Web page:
A New Year, A New Me (?)

1388095921000-new-yearsNew Year’s.
Birthdays.

New Year’s.
Birthdays.

New Year’s.
Birthdays.

New Year’s.
Birthdays.

New Year’s.
Birthdays.

New Year’s.

New Year’s.

New Year’s.

New Year’s. Well, here we are once again. The oddest holiday of all. A one-second holiday. The one where we all pretend we’re ecstatic that the calendar has turned in on itself once again and here we are to repeat the whole thing yet once again. And again. And (hopefully?) agai.

One second we’re old. The next we’re new again. We’ve shed our psychological skin and embraced a new beginning. Or the monkey on our back has added a few pounds and feels just a bit heavier as we face the prospect of carrying it around for another trip around the sun.

We celebrate the passing of time because we’ve survived. Some of it felt like it was in our control (even though most of it didn’t). There’s no reason we should have survived this year’s lap of a giant 1,000/hour spinning marble around a flaming ball of explosive gases, held in place by a rock finding its identity in spinning around us as we spin around the ball of fire.

As the years swallow themselves, we remember those who didn’t survive this year’s cruise around the sun. We know that one day, maybe soon, most definitely sooner than we’d like, we will join them in jettisoning this spinning ball.

As we lap the sun once again, we are torn. Should we celebrate our survival or mourn those whose time ended? Can you do both? Can you do both without guilt?  Isn’t curious that so many of our celebrations are about nothing more than the fact that we survived another year?

And yet with each Birthday. With each trip around the sun. With each New Year, we instinctively cling to the hope that things will can get better. Things will get better.Things have to get better. They just have to because I can’t keep on like this. Not another year.

I don’t know how you understand these annual rites of passage but I can’t help but interpret them through the Biblical Story. We celebrate the passing of each year with resolutions for the same reason we mythologize the Phoenix rising from the ashes: we believe in redemption. We long for restoration. Something deep inside us, un/happy as we might be, feels like we were created for more. So much more. This just quite doesn’t seem like all of this creation business has lived up to its potential. Things just aren’t quite as they should be.

We celebrate the passing of another year with hopes to do better knowing that we won’t. Believing that maybe we can’t. Maybe the set of chemicals injected into us by our parents and theirs before have simply determined how each year, each month, each day will play itself out. But I don’t think so.

Because God Himself entered in to human history. The Eternal stepped in to time. The Perfect into the imperfect. Trusting God fully; wholly; completely, in every way. In ways I could never. In ways I would never. Even to the end. Unto the end. Through it all. Even to death. Death on a cross. Through the grave and into Intercession.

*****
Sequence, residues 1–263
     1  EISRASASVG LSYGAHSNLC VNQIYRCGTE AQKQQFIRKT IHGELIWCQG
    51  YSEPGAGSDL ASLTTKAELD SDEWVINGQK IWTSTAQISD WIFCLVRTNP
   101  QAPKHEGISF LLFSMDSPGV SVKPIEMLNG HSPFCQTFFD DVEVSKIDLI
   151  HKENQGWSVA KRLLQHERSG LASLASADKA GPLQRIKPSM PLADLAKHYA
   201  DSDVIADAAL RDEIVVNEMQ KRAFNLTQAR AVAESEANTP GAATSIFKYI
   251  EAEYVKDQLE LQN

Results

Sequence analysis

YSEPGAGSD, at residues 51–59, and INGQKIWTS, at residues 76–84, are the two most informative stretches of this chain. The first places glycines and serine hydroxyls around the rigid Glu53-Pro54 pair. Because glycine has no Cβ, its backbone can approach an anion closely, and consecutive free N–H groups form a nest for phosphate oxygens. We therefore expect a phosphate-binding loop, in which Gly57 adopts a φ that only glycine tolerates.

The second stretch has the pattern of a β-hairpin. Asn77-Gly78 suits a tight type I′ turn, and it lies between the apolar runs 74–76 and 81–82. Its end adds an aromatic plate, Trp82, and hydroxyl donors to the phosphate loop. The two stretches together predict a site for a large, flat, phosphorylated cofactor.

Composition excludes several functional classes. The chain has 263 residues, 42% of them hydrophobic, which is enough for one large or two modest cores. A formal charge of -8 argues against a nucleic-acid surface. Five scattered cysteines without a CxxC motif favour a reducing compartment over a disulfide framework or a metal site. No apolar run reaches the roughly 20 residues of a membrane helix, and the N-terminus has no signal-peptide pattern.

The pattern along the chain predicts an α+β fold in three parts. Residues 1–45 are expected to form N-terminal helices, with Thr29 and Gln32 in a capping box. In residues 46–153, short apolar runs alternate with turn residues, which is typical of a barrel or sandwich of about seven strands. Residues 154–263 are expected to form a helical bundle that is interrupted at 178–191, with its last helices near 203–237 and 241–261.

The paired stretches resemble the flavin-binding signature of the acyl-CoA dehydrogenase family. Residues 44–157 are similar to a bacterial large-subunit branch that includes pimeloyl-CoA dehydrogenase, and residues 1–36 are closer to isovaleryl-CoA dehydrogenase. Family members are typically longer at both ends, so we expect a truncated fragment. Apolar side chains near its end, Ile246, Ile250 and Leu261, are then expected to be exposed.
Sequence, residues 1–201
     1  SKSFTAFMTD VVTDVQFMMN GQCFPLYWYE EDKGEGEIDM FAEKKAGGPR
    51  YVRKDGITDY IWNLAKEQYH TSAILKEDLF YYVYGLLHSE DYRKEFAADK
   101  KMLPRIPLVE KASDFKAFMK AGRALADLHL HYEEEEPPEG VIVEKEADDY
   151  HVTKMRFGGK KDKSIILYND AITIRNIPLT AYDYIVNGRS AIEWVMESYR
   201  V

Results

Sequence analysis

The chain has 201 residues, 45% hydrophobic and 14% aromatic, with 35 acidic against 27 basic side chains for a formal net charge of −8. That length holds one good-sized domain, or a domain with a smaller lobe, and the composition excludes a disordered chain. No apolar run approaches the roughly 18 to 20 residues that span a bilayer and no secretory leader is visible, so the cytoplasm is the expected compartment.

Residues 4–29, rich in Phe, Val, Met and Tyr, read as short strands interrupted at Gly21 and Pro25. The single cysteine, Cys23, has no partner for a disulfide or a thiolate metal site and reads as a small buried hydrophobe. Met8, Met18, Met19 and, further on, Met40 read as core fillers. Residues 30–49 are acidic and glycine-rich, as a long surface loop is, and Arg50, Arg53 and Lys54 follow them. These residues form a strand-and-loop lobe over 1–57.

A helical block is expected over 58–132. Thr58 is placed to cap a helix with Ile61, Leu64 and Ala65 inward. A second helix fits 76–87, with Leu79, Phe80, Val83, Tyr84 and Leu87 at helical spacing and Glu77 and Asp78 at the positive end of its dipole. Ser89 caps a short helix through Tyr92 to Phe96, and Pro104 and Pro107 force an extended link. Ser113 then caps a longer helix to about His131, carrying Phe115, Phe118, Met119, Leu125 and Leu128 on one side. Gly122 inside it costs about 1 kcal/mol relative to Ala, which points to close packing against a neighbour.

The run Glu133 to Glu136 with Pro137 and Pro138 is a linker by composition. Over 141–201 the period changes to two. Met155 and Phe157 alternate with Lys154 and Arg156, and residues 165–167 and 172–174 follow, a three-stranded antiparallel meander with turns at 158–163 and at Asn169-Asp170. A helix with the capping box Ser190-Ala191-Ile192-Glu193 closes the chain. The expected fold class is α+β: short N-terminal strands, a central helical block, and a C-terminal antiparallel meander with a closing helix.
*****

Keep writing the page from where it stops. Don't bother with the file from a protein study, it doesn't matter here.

My faith in Jesus reminds me that, left to myself, relying on my own devices, I won’t do any better with this coming year than I did the last. I can make all of the resolutions I want and more but I won’t keep them unless I want to and I won’t want to unless my heart itself changes and I won’t ever want to unless something (SomeOne) outside of me acts on my behalf.

My faith in Jesus provides each year, each moment, with purpose. The passing of each year throws me to the floor with gratefulness. I know I cannot do it without Jesus because I’ve had more than enough chances to prove otherwise and each time I end up with nowhere to go but to Him.

I know that some of you have views on Jesus than I do. I’m not here to argue with you. I just want you to know that, in spite of the way many Christians express themselves politically or culturally, or artistically, or in-person, our story is one of death and renewal. Our God died in our place so that we might live.

The passing of each year brings us to the end of ourselves once again. As we optimistically bear weights we’re not sure we can bear, we are reminded that God bears our burdens so that following Him (this year and the next, and the next, etc.) might bring relief to our souls. Could this be the year we’re anxious for nothing? Could this be when we finally learn to be calm in the storm? The Foundation is there, but will we stand on it or lose our grip?

The passing of this year and every year reminds the Christian that we cannot face what’s next on our own. And thankfully, we don’t have to.

What does the new year mean to you?